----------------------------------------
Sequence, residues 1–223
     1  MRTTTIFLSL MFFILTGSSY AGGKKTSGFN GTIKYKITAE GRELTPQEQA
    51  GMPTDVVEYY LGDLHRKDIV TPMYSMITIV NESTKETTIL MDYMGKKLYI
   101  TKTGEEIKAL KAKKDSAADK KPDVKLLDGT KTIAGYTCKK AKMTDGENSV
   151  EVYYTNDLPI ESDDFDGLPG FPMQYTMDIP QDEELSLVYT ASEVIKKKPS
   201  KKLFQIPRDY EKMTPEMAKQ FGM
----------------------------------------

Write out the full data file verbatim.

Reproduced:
Sequence, residues 1–223
     1  MRTTTIFLSL MFFILTGSSY AGGKKTSGFN GTIKYKITAE GRELTPQEQA
    51  GMPTDVVEYY LGDLHRKDIV TPMYSMITIV NESTKETTIL MDYMGKKLYI
   101  TKTGEEIKAL KAKKDSAADK KPDVKLLDGT KTIAGYTCKK AKMTDGENSV
   151  EVYYTNDLPI ESDDFDGLPG FPMQYTMDIP QDEELSLVYT ASEVIKKKPS
   201  KKLFQIPRDY EKMTPEMAKQ FGM